Bridging the gap
THE National Coordination Committee, led by Prime Minister Imran Khan, has taken the correct decision to extend by two weeks the countrywide restrictions that were put in place to slow down the spread of the coronavirus. The meeting also decided that PIA would operate special flights to bring back nearly 2,000 Pakistanis from different countries. These decisions reflect the federal government’s acknowledgement that the spread of the virus can only be slowed by aggressively pursuing social distancing and enforcing all actions that promote the latter. However, there is still much that requires greater clarity.
Certain policy pronouncements by the federal government, for instance, are sending signals that run counter to the umbrella policy of keeping people away from each other and confined to their homes as much as possible. The formation of the volunteer force named Corona Relief Tigers is one such step. At a time when speed is of the essence and when protecting people from getting infected or infecting others is a priority, one may question the wisdom of sending a large number of people out in the field to contact those in their homes. Such action — however well-intentioned — could expose the volunteers to the virus. In addition, there is the issue of how much time, effort and resources would be required to get this ‘force’ ready to go out and deliver the services, rations and information to people who need it most. The state already has in place various mechanisms through which such service delivery can be provided. The federal government has yet to provide satisfactory answers to these concerns. In the same vein, providing a financial package to boost the construction industry is a good step but will it not dilute the larger policy of keeping people away from each other during the pandemic? Construction employs dozens of industries which will all need to open up in order to kick-start the sector thereby bringing people out in the open. Here too the government has to come up with a convincing explanation.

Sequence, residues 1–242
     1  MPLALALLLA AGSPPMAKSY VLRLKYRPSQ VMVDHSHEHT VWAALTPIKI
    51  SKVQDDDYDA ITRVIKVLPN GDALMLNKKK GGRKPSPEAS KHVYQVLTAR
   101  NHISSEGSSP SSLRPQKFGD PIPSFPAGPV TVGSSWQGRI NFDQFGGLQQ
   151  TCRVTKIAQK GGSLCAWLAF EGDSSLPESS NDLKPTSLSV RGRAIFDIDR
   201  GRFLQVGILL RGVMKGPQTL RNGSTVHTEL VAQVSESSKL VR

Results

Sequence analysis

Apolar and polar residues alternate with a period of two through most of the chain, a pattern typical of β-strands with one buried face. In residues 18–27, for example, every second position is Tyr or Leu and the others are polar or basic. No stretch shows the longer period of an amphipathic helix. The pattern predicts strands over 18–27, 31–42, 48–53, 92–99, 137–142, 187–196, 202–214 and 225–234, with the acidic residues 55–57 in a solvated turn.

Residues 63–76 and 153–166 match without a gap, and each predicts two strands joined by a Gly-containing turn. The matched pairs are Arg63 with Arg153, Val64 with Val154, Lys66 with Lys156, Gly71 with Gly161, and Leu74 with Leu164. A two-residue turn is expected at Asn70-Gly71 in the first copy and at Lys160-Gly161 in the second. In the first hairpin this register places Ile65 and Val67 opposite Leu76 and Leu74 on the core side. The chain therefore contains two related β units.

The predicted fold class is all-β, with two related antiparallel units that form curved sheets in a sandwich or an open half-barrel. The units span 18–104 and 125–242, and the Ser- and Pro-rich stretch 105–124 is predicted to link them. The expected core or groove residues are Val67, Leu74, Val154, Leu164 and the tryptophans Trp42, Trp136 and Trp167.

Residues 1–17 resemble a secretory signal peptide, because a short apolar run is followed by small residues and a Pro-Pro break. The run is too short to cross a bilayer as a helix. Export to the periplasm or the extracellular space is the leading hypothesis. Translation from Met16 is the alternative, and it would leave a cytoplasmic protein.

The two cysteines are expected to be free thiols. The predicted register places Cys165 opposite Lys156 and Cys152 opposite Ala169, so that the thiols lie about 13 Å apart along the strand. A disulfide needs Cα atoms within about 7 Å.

These schemes may be diverting the government’s attention from where it really needs to be focused. There still exists a worrying gap between the centre and the provinces in terms of initiating policies that complement, and not contradict, each other. The federal government has to respect the provinces’ autonomy provided by the 18th Amendment but it cannot abdicate its role of giving national direction and providing leadership through cohesion and coordination. The federal government must act as the cement that binds the provinces in a national goal through a common outlook buttressed by vision, motivation and resources. The federal government should not be competing with the provinces but complementing their efforts and lending a hand wherever needed. It might be better for Islamabad to focus on such areas instead of policies that raise more questions than answers.
Bailing out industry
QUITE rapidly, pressure is mounting on the government to do more for trade and industry through the lockdowns since the losses are mounting with each passing day. Some of those who have to run their payrolls for the month of March are not sure if they will be able to do the same for the month of April. So if the lockdowns continue, the ranks of those in severe hardship will only increase. With this in mind, as well as other concerns such as export orders that are ready or nearly ready for shipment but cannot move to the port due to the lockdown, the industrial leaders of this country gathered together and met the finance team on Wednesday. The traders are separately announcing their own gatherings to mount pressure for a relaxation on the lockdowns. This pressure will increase rapidly from here on for the government to either announce a relief package for trade and industry or ease the lockdowns as each day brings more losses.